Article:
Hotsuits claims that providing heat to the kidney region helps maintain core temperature, and warm blood flow to the rest of the body. The thing that I like the most about this is that it is portable, unlike Rip Curl's, it is not just limited to wetsuits, how about skiing, climbing, sailing, openwater swimming, you get the idea. Hotsuits is also the winner of ISPO, Brand New Award! I am sure Rip Curl has a great product, but a young inventor like this you have to give them a shot, plus they might be cheaper plus you don't have to buy a new wetsuit. Hotsuits Heated Kidney Belt + 16.50AUD worldwide postage (regular airmail)=$105.50 AUD or $91.73.
Check them out! Hotsuits
Thursday, July 12, 2007
Doing triathlon's, spectators get the short end of the stick, until now! I am hoping to get into the Block Island Triathlon and what a great way for a family to sit and watch the swim portion of the race, dig&sit is a great product coming out of Europe, and it was a finalist at the ISPO Brand New Awards and I can see why!
"The dig&sit® is a flexible beach sofa. Ideal for a quick visit to the beach or the complete beach holiday. In combination with sand the seating possibilities are endless. In no time you (literally) dig the perfect 3-seater on your favorite spot!
The Dig&sit® is made of two layers of damp proof, PVC coated nylon. Quilted foam zones give the necessary comfort in the back- and seating areas. Around the seating area there is a 40 cm wide edge which prevents sand coming onto the seating area. Built-in stainless steel eyes in the corners secure the Dig&sit into the ground to prevent it from blowing up.
The sophisticated dividing zones make it easy to fold up the Dig&sit and the stitched foam zones force the Dig&sit into a compact roll. With the accompanying rucksack it is easy to take the dig&sit everywhere. Spade and security pegs are included."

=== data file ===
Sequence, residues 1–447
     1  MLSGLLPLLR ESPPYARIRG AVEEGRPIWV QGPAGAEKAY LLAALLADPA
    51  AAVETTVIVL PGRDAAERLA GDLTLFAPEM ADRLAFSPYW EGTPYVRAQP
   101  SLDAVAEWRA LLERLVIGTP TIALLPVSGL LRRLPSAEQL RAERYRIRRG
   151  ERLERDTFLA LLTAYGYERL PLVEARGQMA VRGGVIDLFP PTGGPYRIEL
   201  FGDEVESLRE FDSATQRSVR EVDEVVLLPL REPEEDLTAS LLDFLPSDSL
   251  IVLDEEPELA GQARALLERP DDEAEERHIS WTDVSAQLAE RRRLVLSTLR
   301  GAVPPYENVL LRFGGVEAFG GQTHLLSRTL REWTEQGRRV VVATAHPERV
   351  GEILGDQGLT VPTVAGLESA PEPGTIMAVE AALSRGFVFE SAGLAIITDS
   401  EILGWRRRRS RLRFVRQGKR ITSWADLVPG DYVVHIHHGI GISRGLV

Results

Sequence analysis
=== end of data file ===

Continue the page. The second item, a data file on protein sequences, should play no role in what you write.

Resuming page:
All I can say is I WANT ONE...dig&sit
Wednesday, July 11, 2007
Polar is adding to the US line it g3 sensor, which is a GPS unit for it's RS800 watch. This is great for Polar who had been lacking in the GPS department, both Garmin Forerunner 305 and Timex Bodylink have been doing this for quite sometime, making an uphill battle for Polar. If Polar could incorporate it into existing watches through a software upgrade so users could just buy the g3 sensor that would be a slam dunk for Polar, and would catapult them over Garmin and Timex.
Here is what Polar is saying:
GPS (g3) vs. Stride Sensor (s3)
The RS800 training system was launched along with the s3 stride sensor. Both the s3 and the g3 units have distinct advantages for measuring speed and distance:
Worn on the foot (or in a cavity in the mid-sole of adidas adistar running shoes), Polar’s s3 stride sensor is the best choice for running; using sensitive inertial sensors to track the position of the foot 1000 times a second it is immune from signal dropout and gives accurate and highly responsive speed, distance, leg cadence and stride length measurements. s3 is the right choice for competitive runners who want to improve their technique and running efficiency.
g3 can be worn around the waist, the arm or even carried in a back pack and, as movement is tracked by the global positioning system, it tracks speed and distance across all terrestrial sports.
“Adding g3 to the RS800 training system enables athletes, who train and compete in sport categories additional to running, to benefit fully from the complete range of industry leading features incorporated in the wrist computer and accompanying Pro Trainer 5 PC software.” says Marco Suvilaakso, Product Manager, Polar Electro Oy.
On sale through authorised Polar resellers during the second half of 2007, g3 will be available for purchase as an upgrade for existing RS800 owners, or as a complete set in the RS800g3 Training System.
Let's hope we don't have to buy a new watch...Check it out! g3 Sensor
Wednesday, July 04, 2007
In my gym there is an area where I can sit down, put a blood pressure cuff on and get my statistics. Nice but how many others have put their sweaty arms in that cuff! This Monitoring system designed by Dan Bishop is aimed at ease of use. With only a few steps to get the reading it really is that simple, plus from the look of it, plastic, which can be cleaned with a disinfecting wipe, nice touch.
How it works:
• First, a baseline vitals reading is taken manually, to reference future readings from.
• Then, whenever a new reading is needed, the patient is informed via light vibration that their vital signs need to be measured and recorded.
• Next, the patient swipes the temperature sensor, located on the bottom of the monitor, across their forehead.
• This activates the blood pressure/pulse sensor on the inside of the monitor, next to the wrist.
• The data collected by both sensors is then complied and sent wirelessly to a paperless charting system that records and logs patients vitals.
All done, reducing stress and work load on staff. Vital Monitoring System
Check it out